"Mamma Mia! The Movie" wasn't exactly crying out for a sequel. Adapted from a stage musical, which was based in turn on the back catalogue of Sweden's finest pop group, ABBA, it had barely enough plot to sustain one film, let alone two. But it also grossed $615 million from a $52 million budget, making it the fifth most lucrative film of 2008. Faced with those numbers, which producer was going to quibble about a little detail like plot?
As for the writer-director, Ol Parker, he doesn't come up with any urgent artistic reasons for the existence of its follow-up,"Mamma Mia! Here We Go Again," but he does make it surprisingly watchable, and he manages to overcome some mountainous obstacles.
For one thing, the first film, directed by Phyllida Lloyd, was shot on the Greek island of Skopelos, whereas this one has moved to a less idyllic -- and less sunny -- Croatian location. Parker has to resort to a lot of tight framing -- and, by the look of things, a lot of green screen -- to disguise the fact that the characters aren't where they were 10 years ago.
For another thing, "Here We Go Again" doesn't have more than a few seconds of the first film's star, Meryl Streep. "Mamma Mia! The Movie" ended with her character, Donna, living happily ever after with her long-lost true love, Sam (Pierce Brosnan), so it's depressing to learn in the sequel that she has been dead for a year.
Meanwhile, her daughter Sophie (Amanda Seyfried), who was last seen sailing off into the sunset with her oddly named boyfriend, Sky (Dominic Cooper), has apparently spent much of the last decade restoring her mother's rustic hotel.
As she prepares for its grand reopening, the narrative flashes back to 1979, whereupon it retells the story that was told in "Mamma Mia! The Movie." The story, you may remember, is that Donna slept with three men one summer, 20 years earlier, and so she didn't know which of them was Sophie's biological father: Sam (Brosnan), Harry (Colin Firth) or Bill (Stellan Skarsgard).
"Here We Go Again" shows us exactly what happened, with the 20-something Donna played by Lily James, and with Jeremy Irvine, Hugh Skinner and Josh Dylan impersonating Brosnan, Firth and Skarsgard respectively; Irvine is especially adept at mimicking Brosnan's Irish lilt.
Although viewers will already know what's going to happen before they get to the cinema, these extended flashbacks add up to a breezily uplifting and youthful romantic comedy, partly due to the input of Richard Curtis, who mapped out the structure with Parker. The new film has funnier, ruder punchlines than the first one did. And when Donna meets the young Harry in Paris, the gauche flirtation between a repressed, upper-middle-class Englishman and a free-spirited American beauty echoes what we have seen in Curtis's own films since "Four Weddings and a Funeral."
Most of the sharpest lines go to Donna's vampish friend Tanya, who is played in the present by Christine Baranski and in the past by the well-nigh-identical Jessica Keenan Wynn. Playing Donna's other bestie, Rose, Alexa Davies is likeable, if unconvincing as a Julie Walters substitute. The film's not-so-secret weapon, though, is James. Not only is the "Downton Abbey" alumna a terrific singer, she is so vivacious and luminously gorgeous that it's easy to understand why the three men should fall in love with her within a week.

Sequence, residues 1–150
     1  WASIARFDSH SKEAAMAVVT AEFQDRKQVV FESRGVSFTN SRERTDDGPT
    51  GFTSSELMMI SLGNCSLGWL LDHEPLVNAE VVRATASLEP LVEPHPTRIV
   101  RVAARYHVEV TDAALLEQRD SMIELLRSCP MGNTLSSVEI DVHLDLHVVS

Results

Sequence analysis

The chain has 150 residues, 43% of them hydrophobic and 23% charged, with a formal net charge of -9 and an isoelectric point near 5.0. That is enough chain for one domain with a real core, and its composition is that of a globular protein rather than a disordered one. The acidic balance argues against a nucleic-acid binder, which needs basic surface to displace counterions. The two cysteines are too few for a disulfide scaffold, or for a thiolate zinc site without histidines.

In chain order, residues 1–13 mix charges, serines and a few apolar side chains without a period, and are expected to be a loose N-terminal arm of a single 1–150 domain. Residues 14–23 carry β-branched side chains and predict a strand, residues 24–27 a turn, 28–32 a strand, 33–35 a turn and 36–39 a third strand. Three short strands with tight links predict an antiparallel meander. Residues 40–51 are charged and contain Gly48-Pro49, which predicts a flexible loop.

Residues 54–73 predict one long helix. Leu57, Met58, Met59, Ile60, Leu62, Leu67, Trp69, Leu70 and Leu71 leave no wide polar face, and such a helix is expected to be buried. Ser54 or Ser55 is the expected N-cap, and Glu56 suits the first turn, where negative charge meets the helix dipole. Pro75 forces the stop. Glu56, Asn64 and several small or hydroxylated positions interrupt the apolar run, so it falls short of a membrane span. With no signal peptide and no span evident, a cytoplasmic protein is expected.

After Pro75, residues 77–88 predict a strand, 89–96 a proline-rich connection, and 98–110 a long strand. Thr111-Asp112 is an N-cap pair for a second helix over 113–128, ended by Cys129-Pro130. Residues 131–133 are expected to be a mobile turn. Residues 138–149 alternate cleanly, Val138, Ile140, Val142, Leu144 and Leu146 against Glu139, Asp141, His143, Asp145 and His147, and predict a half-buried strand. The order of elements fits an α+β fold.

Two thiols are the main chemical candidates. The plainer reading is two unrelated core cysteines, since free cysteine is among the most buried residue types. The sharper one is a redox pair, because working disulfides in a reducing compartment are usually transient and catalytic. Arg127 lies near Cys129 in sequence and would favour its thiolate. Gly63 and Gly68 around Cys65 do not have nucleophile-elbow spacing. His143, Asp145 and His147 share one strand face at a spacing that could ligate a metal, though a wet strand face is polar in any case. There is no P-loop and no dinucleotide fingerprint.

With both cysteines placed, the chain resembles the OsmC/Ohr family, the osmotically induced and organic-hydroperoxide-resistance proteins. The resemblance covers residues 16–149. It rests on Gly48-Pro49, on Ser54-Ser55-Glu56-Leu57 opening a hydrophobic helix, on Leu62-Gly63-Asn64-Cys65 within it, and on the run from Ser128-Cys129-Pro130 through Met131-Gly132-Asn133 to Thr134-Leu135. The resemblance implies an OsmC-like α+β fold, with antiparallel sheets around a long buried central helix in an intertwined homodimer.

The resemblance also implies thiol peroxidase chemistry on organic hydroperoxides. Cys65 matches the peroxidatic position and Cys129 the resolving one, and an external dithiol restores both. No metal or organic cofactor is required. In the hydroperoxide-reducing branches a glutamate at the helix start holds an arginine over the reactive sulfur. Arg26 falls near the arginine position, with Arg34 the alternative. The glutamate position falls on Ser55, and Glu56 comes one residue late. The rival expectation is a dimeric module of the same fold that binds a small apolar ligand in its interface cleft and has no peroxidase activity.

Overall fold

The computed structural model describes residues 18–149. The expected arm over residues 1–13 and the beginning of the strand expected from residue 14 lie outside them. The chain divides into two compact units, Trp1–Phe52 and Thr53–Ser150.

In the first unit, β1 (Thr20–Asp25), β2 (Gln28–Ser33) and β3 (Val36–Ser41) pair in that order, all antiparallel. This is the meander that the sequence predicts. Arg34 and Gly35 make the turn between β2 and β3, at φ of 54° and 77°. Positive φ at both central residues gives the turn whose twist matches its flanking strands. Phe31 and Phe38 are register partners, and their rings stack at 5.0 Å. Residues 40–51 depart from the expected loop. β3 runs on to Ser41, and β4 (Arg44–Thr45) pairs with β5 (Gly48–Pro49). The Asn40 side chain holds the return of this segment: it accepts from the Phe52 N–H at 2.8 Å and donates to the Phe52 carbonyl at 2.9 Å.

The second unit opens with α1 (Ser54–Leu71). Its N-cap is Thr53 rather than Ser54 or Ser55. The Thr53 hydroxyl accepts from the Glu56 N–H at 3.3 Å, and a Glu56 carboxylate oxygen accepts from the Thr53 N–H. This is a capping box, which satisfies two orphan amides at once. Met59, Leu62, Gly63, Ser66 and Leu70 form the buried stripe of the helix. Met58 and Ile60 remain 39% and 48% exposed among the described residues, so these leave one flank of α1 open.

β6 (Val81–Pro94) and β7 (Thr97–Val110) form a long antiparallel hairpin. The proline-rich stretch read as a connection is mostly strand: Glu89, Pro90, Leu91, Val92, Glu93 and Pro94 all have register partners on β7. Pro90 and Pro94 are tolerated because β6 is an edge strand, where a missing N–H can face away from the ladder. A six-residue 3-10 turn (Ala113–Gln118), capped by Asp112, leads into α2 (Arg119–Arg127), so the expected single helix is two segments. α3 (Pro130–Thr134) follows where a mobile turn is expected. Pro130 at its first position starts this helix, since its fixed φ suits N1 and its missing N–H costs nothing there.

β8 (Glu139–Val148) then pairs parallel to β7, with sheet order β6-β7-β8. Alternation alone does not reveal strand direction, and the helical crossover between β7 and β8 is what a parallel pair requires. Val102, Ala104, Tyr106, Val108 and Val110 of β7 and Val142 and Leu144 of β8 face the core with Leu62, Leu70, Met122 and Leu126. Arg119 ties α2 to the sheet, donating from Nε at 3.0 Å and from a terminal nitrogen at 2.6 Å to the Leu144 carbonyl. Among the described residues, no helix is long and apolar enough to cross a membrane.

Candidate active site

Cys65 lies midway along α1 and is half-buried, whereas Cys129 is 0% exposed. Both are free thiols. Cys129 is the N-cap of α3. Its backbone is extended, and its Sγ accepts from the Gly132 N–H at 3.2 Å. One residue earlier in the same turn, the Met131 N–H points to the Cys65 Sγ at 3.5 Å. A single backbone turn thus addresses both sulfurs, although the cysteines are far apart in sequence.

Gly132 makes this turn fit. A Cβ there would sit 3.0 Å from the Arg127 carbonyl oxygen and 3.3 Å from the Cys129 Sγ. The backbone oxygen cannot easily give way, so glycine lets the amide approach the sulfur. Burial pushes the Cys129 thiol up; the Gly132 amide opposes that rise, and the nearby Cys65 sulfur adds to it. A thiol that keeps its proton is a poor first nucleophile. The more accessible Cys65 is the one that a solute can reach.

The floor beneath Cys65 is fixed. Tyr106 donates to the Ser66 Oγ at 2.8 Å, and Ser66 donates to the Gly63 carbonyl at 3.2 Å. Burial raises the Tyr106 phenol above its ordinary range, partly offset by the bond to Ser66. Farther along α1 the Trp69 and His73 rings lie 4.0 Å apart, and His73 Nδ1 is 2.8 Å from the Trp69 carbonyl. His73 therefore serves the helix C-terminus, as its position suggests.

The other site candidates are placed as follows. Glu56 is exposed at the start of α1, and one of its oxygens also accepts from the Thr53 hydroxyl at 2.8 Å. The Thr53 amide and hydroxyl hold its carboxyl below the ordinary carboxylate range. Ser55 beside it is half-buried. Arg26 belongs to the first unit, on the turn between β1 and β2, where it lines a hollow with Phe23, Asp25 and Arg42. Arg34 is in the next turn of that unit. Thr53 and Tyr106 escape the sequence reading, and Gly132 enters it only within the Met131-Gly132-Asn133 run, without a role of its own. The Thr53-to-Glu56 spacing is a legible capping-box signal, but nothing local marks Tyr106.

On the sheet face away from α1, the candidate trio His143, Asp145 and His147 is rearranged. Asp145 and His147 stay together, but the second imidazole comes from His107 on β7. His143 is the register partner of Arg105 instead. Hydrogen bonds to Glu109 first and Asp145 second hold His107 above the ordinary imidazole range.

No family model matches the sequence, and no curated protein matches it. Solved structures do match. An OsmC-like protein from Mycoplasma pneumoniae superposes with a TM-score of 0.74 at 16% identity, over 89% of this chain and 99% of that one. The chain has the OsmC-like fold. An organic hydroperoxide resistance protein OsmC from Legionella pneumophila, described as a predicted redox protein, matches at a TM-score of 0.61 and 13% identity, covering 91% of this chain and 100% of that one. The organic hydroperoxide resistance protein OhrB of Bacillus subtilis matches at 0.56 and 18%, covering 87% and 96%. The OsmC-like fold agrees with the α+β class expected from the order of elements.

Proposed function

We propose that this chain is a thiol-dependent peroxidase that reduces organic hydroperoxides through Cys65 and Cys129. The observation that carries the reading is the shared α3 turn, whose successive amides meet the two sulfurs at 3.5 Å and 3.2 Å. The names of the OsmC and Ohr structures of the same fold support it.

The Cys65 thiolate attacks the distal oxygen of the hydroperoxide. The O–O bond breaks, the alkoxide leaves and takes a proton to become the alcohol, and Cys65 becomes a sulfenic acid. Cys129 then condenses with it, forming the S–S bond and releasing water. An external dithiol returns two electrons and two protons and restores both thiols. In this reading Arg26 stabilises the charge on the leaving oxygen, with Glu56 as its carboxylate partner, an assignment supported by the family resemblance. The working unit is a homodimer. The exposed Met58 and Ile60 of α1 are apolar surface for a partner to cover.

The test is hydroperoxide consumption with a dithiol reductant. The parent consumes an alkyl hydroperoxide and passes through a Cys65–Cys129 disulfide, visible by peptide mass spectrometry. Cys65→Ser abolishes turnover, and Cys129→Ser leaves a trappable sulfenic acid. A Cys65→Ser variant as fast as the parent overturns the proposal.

In fact, the feelgood romantic shenanigans are so winning that it's always a disappointment when Donna and her suitors interrupt their flings in order to start singing. It's not that the songs aren't excellent: Benny Andersson and Björn Ulvaeus (who both cameo, of course) are consummate pop craftsmen. But most of ABBA's greatest hits were used up in "Mamma Mia! The Movie," and the deep cuts selected by Parker for the sequel -- "When I Kissed The Teacher," "One of Us," "Why Did It Have to Be Me?" -- just don't have the same catchiness or familiarity as those evergreen karaoke-night staples.
This aspect may stop "Here We Go Again" from being the box office smash that its predecessor was. There is no doubt that it is a superior film in most respects: better acted, better sung, more drama, some genuine emotion, and with songs which sometimes have a vague relevance to the plot. But it doesn't have the raucous hen-night energy which made "Mamma Mia! The Movie" a phenomenon. Well, not for a while, anyway. The party atmosphere finally fizzes in the last act, when most of the main characters reunite at the hotel, and Cher struts into view as Donna's diva mother. True, this makes no sense, given that Cher is only three years older than Streep, and given that the first film stated that Donna's mother was (a) a severe Catholic, and (b) dead. But it's unlikely that anyone will object to hearing an icon sing "Fernando."
Besides, if Donna's mother can return from the grave for " Here We Go Again," maybe Donna herself can be revived for "Mamma Three-a" a decade from now.